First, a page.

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Some Christmas wishes really do come true. For the last four years Guido Niyokwizigira, who was forced to flee the eruption of violence in his native Burundi, has been living and working in Ottawa while waiting and praying for his family to be granted refugee status in Canada. His hopes of being reunited with his wife and two sons came true this past Christmas Eve. The reunion with his family was especially joyous; it was his first time meeting his youngest son Caleb as he was forced to flee before his birth.

Having lived, worked, and volunteered in Ottawa for the last four years, Guido is well prepared to help his family settle into their new home. Despite the additional hardship of dealing with COVID-19, he has wasted no time in moving forward with laying the groundwork for his family’s future. He is working on finding language training for his wife Marie-Claire and his oldest son Kenny, whose goal is to study computer engineering. MarieClaire is seeking to secure a volunteer position at their local community centre. She is a trained accountant who hopes to secure employment in her field as soon as possible. As native Burundians, the family’s first language is French, which will be of benefit to them here in our bilingual city and country.

Guido has been closely connected with Trinity Anglican Church throughout his time in Ottawa. The church has assisted him in both practical ways (helping with much needed items such as winter boots) and the spiritual/emotional aspects of living by opening their hearts and community to him and his family. Under the leadership of Reverend Arran Thorpe, Trinity also actively supported Guido’s efforts to obtain visas for his family to allow them to come to Canada. Reverend Thorpe helped to connect Guido with organizations in his field. Guido is a trained economist. He was employed as a lecturer in economics at the public university in Burundi and he has 10 years of experience in project evaluation/management. His goal is to work for the Canadian government in the area of international development. In addition to working to earn enough to sustain himself and his family, he is also a volunteer at the Lowertown Community Resource Center.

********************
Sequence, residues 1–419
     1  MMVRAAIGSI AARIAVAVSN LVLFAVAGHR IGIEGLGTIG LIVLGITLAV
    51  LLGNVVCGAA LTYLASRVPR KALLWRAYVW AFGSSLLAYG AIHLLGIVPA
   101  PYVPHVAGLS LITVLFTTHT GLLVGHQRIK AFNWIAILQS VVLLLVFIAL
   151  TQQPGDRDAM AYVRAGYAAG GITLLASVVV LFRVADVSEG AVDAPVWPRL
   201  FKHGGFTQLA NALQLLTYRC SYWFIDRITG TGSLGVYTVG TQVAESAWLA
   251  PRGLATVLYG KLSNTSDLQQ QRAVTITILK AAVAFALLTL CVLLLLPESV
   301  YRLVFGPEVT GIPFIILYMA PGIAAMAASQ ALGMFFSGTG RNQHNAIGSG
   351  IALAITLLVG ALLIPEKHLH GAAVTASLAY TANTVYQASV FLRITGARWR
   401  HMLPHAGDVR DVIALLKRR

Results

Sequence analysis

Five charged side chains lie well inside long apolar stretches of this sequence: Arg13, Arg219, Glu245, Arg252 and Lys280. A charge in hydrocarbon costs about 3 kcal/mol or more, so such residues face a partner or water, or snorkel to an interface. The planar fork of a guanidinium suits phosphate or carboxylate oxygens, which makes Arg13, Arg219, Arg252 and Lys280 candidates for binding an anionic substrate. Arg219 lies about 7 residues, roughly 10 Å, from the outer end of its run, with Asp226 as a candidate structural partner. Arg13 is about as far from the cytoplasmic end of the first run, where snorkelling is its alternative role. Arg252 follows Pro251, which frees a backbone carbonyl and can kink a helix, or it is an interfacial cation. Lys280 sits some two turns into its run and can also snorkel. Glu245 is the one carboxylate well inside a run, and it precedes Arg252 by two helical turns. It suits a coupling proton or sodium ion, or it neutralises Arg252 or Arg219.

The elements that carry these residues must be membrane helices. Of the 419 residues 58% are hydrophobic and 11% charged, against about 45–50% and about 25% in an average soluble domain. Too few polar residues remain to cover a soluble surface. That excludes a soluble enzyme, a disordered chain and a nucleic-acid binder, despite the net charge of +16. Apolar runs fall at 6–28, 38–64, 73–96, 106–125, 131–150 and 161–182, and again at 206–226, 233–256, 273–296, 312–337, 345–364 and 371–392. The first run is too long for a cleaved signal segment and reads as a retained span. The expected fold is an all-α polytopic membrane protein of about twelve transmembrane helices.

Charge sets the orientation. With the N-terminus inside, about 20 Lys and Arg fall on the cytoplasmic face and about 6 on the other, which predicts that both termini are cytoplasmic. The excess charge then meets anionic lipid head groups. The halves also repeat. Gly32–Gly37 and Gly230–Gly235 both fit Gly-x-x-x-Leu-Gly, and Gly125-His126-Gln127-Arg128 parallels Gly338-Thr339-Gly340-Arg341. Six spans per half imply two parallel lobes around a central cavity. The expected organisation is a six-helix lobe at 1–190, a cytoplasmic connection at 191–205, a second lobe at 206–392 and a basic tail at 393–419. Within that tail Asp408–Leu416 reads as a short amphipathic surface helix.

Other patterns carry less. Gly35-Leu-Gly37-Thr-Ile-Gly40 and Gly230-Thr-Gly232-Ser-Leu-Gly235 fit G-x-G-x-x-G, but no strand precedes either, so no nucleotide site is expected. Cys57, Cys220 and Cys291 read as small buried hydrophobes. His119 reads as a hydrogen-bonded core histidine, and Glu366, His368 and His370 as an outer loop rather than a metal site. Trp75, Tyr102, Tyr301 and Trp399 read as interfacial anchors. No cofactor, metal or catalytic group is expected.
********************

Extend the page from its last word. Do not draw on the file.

Once receiving very last minute word that Guido’s family had been granted Canadian visas, Reverend Thorpe called upon his congregation at Trinity Anglican and The Ottawa South Committee for Refugee Support (OSCRS) to help prepare a home for the family. Good quality donated furniture was offered and a group of volunteers came together to move the furniture and to help set up the family’s home. A clothing/household item drive was held and many generous donations were received and delivered to the family. Guido wishes to extend his heartfelt appreciation for the donations and assistance. He has said many times that he “ cannot find enough words of thanks.” He is an inspirational person. We are fortunate to have him and his family in our community.

Trinity Anglican Church works in direct partnership with The Ottawa South Committee for Refugee Support and other community groups supporting refugees. Over the last seven years, Trinity has helped to sponsor 46 refugees and to raise over $350,000 to help cover the basic costs of refugee sponsorship. Currently, OSCRS is actively working to help bring a Congolese refugee family waiting in South Africa. The ongoing need to advocate and raise desperately needed funds continues unabated. Donations are welcome. If you would like to contribute please write a cheque to Trinity Anglican Church and mark it for refugee support. Cheques can be sent to 1230 Bank St., Ottawa, K1S 3Y3 to receive a tax receipt. OSCRS can also be found on Canada Helps. trinity-anglican-church

Cindy May is a resident of Old Ottawa South and a member of OSCRS. PAGE 22